Our classes stand as the starting point for Country Day students as we provide the time and resources for students to develop their own path to dive deeply into co-curricular interests through constantly expanding and involving club programs. Inspired by our mission, students race solar boats at Rancho Seco, climb the peaks of the Northern Sierra, run affinity groups, travel to Model U.N. delegations and Quiz Bowl competitions, distribute winter clothing to unhoused members of our community, create all-school pig roasts, battle robots, and build go-carts. At Country Day, students have no limits as they seek to explore the creative depths of their critical thinking and compassion, and we provide the support to foster nearly all interests.
Coordinated by the high school office, our internship program exposes our students to real workplaces, involves them in projects and research, and reinforces our mission of helping students to have positive relationships and respect for others. Credit-earning internships with professors at CSU Sacramento are coordinated by the Science Department.
Mock Trial at Sacramento Country Day School is a team academic competition where our students compete against some of the brightest and most articulate students in the state. It rewards teams and students who have worked to develop excellent public speaking skills, superior analytical skills, and the ability to think quickly on their feet.
Over the past three academic years, the team has been in the championship round for the Sacramento County Title. They won the Title in the 2023/24 and the 2022/23 competitions, and lost by the slimmest of margins in the 2021/22 competition. In addition to winning that team title, our students by far garnered more individual awards than any other school. The team went on to battle all of California’s county champions, finishing 11th in the state.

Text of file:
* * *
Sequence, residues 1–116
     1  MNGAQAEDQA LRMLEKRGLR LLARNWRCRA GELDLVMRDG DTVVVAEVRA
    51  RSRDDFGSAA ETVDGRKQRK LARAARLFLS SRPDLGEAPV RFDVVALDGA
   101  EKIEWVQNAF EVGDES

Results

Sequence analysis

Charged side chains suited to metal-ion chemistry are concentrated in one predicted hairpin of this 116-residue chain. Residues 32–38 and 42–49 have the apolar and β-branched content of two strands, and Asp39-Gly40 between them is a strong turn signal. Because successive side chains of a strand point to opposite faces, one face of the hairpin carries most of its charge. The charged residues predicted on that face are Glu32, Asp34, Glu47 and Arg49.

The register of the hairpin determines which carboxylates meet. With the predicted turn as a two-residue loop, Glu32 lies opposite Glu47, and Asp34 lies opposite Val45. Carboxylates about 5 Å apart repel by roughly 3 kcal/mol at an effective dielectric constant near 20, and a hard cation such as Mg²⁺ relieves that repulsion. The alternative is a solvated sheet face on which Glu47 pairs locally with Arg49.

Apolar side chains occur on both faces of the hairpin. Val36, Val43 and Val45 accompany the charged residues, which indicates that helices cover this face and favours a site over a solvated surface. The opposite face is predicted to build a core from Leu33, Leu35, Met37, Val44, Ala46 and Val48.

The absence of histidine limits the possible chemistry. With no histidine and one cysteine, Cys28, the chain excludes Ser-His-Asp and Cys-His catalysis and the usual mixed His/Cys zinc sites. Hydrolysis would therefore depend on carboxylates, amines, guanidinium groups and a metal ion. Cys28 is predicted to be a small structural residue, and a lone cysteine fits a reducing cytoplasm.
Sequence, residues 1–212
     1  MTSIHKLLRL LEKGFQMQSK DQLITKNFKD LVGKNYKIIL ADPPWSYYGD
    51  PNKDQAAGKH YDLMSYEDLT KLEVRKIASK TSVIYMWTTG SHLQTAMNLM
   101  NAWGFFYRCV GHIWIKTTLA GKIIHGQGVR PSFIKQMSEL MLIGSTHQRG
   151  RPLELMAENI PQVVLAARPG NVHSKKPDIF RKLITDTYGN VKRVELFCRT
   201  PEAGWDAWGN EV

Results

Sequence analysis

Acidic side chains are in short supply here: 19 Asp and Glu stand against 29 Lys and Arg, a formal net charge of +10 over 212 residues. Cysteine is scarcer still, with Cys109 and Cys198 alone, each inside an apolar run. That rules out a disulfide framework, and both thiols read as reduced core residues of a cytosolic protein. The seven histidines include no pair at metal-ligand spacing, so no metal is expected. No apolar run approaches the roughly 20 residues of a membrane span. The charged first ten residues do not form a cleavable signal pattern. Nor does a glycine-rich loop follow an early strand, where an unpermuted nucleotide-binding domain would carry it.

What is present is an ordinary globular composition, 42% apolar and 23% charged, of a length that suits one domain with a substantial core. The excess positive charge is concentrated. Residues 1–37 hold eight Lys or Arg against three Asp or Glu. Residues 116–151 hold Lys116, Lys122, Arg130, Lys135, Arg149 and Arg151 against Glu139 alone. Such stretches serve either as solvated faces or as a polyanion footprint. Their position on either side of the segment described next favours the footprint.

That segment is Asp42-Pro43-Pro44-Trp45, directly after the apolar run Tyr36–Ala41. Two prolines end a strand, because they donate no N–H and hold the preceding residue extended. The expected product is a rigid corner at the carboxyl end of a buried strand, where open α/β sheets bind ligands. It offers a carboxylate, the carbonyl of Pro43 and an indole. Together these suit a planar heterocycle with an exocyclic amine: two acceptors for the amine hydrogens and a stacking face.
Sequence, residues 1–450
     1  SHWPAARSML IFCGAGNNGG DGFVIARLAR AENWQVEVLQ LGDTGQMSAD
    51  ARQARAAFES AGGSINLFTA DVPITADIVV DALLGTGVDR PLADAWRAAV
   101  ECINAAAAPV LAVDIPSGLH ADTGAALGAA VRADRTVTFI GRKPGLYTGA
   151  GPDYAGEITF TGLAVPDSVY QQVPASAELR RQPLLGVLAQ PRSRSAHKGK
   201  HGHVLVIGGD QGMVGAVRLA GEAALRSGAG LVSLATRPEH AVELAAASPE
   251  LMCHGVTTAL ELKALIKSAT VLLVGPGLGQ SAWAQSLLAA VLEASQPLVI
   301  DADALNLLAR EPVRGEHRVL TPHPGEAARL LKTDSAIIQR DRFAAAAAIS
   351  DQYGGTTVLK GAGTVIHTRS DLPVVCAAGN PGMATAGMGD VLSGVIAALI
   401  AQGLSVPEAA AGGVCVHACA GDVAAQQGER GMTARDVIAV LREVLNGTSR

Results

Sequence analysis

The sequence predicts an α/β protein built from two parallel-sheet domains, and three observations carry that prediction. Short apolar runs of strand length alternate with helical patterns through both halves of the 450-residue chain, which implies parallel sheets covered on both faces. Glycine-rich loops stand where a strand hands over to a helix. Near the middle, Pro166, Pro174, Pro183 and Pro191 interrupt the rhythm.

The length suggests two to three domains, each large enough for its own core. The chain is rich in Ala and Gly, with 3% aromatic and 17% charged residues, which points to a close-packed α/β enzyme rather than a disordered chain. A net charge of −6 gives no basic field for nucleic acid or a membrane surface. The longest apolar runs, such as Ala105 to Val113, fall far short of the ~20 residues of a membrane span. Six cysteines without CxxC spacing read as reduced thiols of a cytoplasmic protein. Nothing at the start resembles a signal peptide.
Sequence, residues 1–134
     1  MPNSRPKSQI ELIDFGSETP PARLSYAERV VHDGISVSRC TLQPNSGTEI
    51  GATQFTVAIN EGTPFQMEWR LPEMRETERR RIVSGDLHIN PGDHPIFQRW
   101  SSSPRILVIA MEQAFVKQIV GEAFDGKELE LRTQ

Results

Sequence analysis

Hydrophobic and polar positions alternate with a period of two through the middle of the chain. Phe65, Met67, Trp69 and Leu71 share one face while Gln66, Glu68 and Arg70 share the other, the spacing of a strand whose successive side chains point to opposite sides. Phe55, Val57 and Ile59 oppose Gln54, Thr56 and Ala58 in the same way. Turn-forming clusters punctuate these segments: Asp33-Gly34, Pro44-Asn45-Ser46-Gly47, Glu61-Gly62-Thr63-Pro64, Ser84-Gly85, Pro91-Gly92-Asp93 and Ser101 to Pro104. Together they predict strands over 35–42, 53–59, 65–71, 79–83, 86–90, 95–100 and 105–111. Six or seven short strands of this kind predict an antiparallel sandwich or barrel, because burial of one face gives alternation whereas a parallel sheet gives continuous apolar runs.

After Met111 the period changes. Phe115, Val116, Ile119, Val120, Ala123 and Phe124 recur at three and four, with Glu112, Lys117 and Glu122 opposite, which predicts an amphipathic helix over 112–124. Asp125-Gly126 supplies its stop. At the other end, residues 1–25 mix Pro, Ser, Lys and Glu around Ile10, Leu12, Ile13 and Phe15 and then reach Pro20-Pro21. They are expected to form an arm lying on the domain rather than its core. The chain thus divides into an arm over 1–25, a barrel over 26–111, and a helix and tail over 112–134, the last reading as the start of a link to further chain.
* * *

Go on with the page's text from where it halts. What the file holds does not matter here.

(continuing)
Over the past two academic years, our team has sent two students to the National One-on-One Gladiator Tournament in Atlanta, Georgia. That competition annually attracts hundreds of applicants from throughout the United States but actually invites no more than 40 students. At this past summer’s competition one of our students, Grace Zhao, was one of the four semi-finalists.
Our High School Robotics team "Hoot and Compute" competes in the FIRST Tech Challenge (FTC) league events. FTC teams build and program an aluminum robot to navigate an arena while avoiding obstacles and moving objects to score points. This year's Robot Game, Centerstage, challenges teams to place plastic "pixels" on a backdrop, throw a paper airplane, and finish with a pull-up. Our team is coached by faculty members Yanling Lei and Tim Dobbins, with support from engineer Max Boykin and Middle School Robotics coach Cade Grunst.
Model UN is a simulation of the United Nations, where students represent different nations in different UN committees. After researching their country's position, students work during the conference to debate and pass a resolution during committee, and have the opportunity to win awards, usually ranging from verbal commendation to best delegate.
The Octagon, Country Day's award-winning newspaper, is a yearlong journalism class is devoted to producing both The Octagon (the high-school print newspaper published 8 times annually) and The Octagon online (www.scdsoctagon.com). Staffers receive instruction in writing and editing news, features, sports, reviews, and editorials for both print and the Web. They also learn principles of page and Web design, effective use of technology, responsible leadership of their peers; and selling and handling advertising. Discussions concerning the role of the newspaper in both the school and society, including consideration of journalistic principles and ethics, are frequent. The staff attends local and national journalism conventions.
The Medallion is Country Day's highly commended yearbook and this year-long class is devoted to its creation. Students learn to choose a theme; design layouts; research, write, and edit stories; photograph students and events; and master advanced computer skills necessary to complete yearbook production. Under the guidance of student editors, the staff collaborates on ideas and strategies for covering 14 grade levels across three divisions in order to thoroughly, accurately, and creatively tell the story of a year at Country Day.